Nobel laureate James Allison refused to take biology in high school because his teacher would not teach evolution. To him, biology without Darwin was like physics without Newton. This is no exaggeration: the theory of evolution is a unifying and basic scientific concept that hones students’ critical thinking skills and helps them to answer questions about the origin and nature of biological systems. Excluding evolution from curricula deprives young students of a powerful framework to support their understanding of biology.

Credit: Maged Alamoudi

Teaching evolution is widely accepted in most Western countries, in spite of occasional opposition. Sadly, this is not the case in most Muslim countries, where it is banned from many schools and colleges because it is thought to contradict Islamic teachings. Saudi Arabia, Oman, Algeria and Morocco have banned the teaching of evolution completely. In Lebanon, evolution was removed from the curriculum because of religious pressure. In Jordan, evolution is taught within a religious framework. In Egypt and Tunisia, evolution is presented as an unproven hypothesis.

Many factors shape anti-evolutionary views, including sociocultural and religious factors, as well as knowledge levels and ethical perceptions of evolution.

In a Muslim country, the acceptance or rejection of new ideas is often heavily related to religious views of these ideas. Religious views are usually disseminated through the release of a fatwa (religious statement) from the supreme religious institution in the country. The fatwa will discuss a new idea and provide a verdict that either condemns or condones that idea. Fatwas are numbered and listed on country-specific sites that are affiliated with religious institutions in that country, such as in Qatar.

Let us take a practical example of current fatwas and hostility toward evolution in Islamic countries. Religious institutions in Qatar, Oman, Saudi Arabia, UAE, Egypt and Turkey have issued fatwas against the theory of evolution. The rationale for these fatwas is religious and not based on scientific literature or discussion. For example, in Qatar, fatwa 361168 accuses anyone believing in Darwin’s theory of evolution of kufr (blasphemy). In Oman, the Grand Mufti of the Sultanate is known for his strong opposition to the theory of evolution, and in 2018 he publicly restated this view. In Saudi Arabia, fatwa 2872 states that the theory of evolution contradicts the creation story in the Quran and the consensus of Muslim scholars.

In Turkey, ostensibly a secular country, evolution is due to be dropped from the national curriculum. Finally, the former president of the International Union for Muslims, Sheik Yusuf al-Qaradawi, has stated that only when the theory of evolution is 100% proven should we conduct taʾwīl, which means the esoteric interpretation of the Quran.

All of these fatwas and statements against the theory of evolution discourage schools and even colleges from teaching evolution, because of the fear of provoking the majority of society.

It is noteworthy that most theologians in Muslim institutions do not have degrees in STEM subjects (science, technology, engineering and mathematics) but in branches of Islamic studies. The rationale for this is that warding off evil should take precedence over bringing benefits, a controversial idea in Islam that can be a double-edged sword: it can serve to hold the fate of science and technology hostage to the interpretations of religious institutions. In other words, it dictates thoughts and opinions and asks that these shape the way evidence is viewed.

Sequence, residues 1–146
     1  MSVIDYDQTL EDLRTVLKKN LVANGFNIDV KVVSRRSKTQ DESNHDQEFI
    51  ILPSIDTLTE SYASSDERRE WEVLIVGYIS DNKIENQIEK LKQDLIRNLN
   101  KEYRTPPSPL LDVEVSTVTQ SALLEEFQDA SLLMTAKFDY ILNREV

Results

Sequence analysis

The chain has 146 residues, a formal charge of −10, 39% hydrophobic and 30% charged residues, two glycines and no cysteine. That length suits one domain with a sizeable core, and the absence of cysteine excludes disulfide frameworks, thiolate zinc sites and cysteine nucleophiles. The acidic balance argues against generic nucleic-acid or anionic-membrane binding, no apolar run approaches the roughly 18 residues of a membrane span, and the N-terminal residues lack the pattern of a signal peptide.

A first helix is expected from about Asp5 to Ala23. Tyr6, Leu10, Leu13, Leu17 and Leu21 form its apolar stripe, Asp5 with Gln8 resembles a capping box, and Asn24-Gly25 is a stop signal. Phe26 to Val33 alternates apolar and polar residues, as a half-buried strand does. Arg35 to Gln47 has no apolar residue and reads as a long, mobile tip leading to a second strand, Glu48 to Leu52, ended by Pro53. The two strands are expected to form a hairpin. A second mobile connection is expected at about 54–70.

During the golden age of Islamic civilization, Muslim scholars proposed a preliminary view of the evolutionary process, called the ‘Mohammedan theory of evolution of man from lower forms’. Islam is a religion that supports and urges its followers to seek knowledge and search for the origin of life. The holy Quran asks followers to “travel through the land and observe how he began creation” (Chapter 29 Sūrat l-ʿankabūt verse 20–29). So, Muslims are required to pursue a journey of understanding, a journey that cannot be begun by ignoring scientific evidence.

The theory of evolution is under siege by fatwas. To end this siege I propose that we first consider the theory a purely scientific one, alongside the theory of relativity and its explanation of gravity, both of which are taught freely in Islamic countries. Scientific theories should be evaluated through discussion among scientists, not by decree of theologians.

Secondly, we should question the deliberate effort by few theologians to create and spread misconceptions about the theory of evolution. Many Muslim theologians believe that the purposes of religion and science are different; therefore, there is no need for a religious filter for new ideas. Religion is the source of theological, moral and spiritual values, whereas science is the source of innovation, discovery and improved quality of life.

This separation of religion and science has been called for by scholars and scientists alike. Sheikh Muhammad Metwali Al-Sha’raawi has stated, “I search the Quran only for my Islamic duties, not scientific facts.” The strict Salafi theologian Sheikh Muhammad Nasiruddin Al-Albaani agrees that the Quran is not a book of science. Finally, Nobel Laureate Richard Feynman proposed that “religion is a culture of faith and science is a culture of doubt.” Clearly, a balanced world needs both.